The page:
Canadian scientist Kyle Sue of the Memorial University of Newfoundland says his research of ‘man flu’ was personal.
“Tired of being accused of over-reacting, I searched the available evidence to determine whether men really experience worse symptoms and whether this could have any evolutionary basis,” he said in the BMJ Journal.
After his analysis of man flu—defined as “a cold or similar minor ailment as experienced by a man who is regarded as exaggerating the severity of the symptoms”—Sue had good news for male sufferers everywhere. His paper published in BMJ on Monday suggests that men are not overreacting to an illness, but actually have weaker immune responses to viral respiratory viruses.
In drawing his conclusion, Sue points to men’s higher risk of hospitalization due to the flu and their higher rates of influenza-related deaths compared with women of the same age. “This was true regardless of underlying heart disease, cancer, chronic respiratory system disease, and renal disease,” his paper says.
Another factor? “Studies of influenza vaccination suggest that women are more responsive to vaccination than men,” the paper says, adding that additional research suggests “an immunosuppressive role for testosterone.”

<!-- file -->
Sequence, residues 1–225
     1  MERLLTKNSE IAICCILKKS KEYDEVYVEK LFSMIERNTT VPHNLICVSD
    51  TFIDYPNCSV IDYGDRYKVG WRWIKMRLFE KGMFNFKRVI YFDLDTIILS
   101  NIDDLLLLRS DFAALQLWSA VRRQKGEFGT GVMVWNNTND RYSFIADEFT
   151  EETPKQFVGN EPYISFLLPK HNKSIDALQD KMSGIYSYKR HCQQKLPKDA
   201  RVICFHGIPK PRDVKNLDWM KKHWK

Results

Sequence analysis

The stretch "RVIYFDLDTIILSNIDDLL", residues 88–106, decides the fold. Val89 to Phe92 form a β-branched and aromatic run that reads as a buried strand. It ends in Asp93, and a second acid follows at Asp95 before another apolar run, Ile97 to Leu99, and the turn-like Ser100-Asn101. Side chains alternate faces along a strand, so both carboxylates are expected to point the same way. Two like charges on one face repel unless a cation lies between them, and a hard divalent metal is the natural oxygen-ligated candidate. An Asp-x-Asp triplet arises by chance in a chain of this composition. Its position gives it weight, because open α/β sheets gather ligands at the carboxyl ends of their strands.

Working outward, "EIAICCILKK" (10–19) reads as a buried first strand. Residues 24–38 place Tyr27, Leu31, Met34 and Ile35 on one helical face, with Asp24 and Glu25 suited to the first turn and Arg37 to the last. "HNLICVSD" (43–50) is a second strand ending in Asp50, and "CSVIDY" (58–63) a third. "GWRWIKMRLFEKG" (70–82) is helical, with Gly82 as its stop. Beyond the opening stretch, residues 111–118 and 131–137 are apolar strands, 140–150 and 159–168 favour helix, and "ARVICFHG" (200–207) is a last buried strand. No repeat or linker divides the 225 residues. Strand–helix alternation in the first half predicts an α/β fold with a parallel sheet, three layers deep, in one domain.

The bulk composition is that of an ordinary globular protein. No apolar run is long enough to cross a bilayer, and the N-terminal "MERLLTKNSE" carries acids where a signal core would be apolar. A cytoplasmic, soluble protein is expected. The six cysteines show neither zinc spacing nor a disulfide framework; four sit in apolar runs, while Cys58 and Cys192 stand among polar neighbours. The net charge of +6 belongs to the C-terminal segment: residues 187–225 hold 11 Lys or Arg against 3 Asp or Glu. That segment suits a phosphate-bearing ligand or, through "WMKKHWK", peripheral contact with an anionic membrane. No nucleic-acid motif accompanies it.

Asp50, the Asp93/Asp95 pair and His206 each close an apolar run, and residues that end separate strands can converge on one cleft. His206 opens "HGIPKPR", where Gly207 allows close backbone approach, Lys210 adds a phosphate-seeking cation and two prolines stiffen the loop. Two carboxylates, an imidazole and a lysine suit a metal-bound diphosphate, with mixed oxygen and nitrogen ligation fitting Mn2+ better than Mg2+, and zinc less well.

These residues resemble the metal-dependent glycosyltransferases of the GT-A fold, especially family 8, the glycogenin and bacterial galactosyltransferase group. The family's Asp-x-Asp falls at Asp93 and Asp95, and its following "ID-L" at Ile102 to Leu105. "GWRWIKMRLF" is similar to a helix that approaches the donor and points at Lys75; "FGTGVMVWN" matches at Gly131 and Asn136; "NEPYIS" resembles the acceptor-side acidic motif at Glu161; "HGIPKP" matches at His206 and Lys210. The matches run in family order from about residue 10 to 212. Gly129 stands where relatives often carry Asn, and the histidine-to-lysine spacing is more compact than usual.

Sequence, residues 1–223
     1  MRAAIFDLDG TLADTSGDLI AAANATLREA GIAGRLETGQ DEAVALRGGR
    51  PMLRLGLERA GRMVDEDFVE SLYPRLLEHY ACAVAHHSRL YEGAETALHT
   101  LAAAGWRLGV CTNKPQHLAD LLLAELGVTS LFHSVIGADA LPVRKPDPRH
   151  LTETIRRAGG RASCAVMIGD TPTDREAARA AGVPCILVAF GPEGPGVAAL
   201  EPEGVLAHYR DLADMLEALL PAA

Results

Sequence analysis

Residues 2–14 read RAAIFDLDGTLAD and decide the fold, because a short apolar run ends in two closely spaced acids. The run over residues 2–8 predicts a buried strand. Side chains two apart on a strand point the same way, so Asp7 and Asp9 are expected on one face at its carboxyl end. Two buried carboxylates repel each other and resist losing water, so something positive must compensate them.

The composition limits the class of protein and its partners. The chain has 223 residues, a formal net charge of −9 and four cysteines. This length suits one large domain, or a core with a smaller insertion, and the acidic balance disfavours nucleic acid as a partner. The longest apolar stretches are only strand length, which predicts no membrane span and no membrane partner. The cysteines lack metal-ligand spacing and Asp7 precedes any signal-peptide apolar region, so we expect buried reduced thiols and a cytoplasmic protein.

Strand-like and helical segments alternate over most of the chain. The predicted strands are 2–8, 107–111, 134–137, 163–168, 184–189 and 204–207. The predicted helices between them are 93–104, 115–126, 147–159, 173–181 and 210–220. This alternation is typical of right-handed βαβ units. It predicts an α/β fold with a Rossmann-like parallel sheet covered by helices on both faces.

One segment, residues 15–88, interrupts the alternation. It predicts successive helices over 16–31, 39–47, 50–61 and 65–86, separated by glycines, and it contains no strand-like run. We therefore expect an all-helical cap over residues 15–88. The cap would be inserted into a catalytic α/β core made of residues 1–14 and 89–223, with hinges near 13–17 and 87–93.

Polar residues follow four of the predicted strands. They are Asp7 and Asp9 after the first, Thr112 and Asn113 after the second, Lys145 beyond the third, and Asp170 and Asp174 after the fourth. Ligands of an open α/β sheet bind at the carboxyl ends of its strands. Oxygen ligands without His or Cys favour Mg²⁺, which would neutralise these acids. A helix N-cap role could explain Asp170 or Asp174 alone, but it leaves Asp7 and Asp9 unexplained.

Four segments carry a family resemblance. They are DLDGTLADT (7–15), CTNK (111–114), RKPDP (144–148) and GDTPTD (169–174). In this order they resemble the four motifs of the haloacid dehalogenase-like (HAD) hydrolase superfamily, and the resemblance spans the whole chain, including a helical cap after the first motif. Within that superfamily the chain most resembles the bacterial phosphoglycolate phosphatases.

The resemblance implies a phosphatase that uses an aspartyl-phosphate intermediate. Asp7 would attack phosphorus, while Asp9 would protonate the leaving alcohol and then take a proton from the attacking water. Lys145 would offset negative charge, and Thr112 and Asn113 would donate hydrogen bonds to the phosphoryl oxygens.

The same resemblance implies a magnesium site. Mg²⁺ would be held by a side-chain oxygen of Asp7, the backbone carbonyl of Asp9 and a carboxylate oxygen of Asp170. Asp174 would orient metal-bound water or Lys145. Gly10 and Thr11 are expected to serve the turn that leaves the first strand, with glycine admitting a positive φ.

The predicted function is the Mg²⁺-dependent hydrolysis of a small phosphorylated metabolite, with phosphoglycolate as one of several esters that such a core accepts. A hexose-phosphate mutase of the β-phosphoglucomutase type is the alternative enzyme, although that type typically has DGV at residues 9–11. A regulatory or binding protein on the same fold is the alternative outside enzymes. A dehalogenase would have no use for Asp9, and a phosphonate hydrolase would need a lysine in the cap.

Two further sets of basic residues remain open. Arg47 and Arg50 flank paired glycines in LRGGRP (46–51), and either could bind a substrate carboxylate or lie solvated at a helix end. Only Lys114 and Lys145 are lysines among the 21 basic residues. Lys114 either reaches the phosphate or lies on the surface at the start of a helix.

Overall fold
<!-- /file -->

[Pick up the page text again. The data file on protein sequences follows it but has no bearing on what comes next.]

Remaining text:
Medical professional also deserve some of the blame, Sue says, since “clinical observers are more ready to…under-rate men’s symptoms.”
Sue points to still more research that suggests men’s increased sickness may be a survival instinct since “it promotes energy conservation and reduces the risk of encountering predators.”
Sue adds, tongue-in-cheek: “Classic modes of energy conservation may include lying on the couch, not getting out of bed, or receiving assistance with basic activities of daily living, which could all be effective for avoiding predators.”
Sue recommends additional research on the matter of ‘man flu’ but reaches this conclusion: “The concept of man flu, as commonly defined, is potentially unjust” due to their potentially-weaker immune responses.
“Perhaps now is the time for male friendly spaces, equipped with enormous televisions and reclining chairs, to be set up where men can recover from the debilitating effects of man flu in safety and comfort.”